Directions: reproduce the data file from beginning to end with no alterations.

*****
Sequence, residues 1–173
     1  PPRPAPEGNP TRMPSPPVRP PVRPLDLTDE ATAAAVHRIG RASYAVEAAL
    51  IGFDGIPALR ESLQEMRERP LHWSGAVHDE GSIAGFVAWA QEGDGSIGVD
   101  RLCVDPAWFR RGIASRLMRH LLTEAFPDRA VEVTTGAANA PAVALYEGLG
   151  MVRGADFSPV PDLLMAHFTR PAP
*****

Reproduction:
Sequence, residues 1–173
     1  PPRPAPEGNP TRMPSPPVRP PVRPLDLTDE ATAAAVHRIG RASYAVEAAL
    51  IGFDGIPALR ESLQEMRERP LHWSGAVHDE GSIAGFVAWA QEGDGSIGVD
   101  RLCVDPAWFR RGIASRLMRH LLTEAFPDRA VEVTTGAANA PAVALYEGLG
   151  MVRGADFSPV PDLLMAHFTR PAP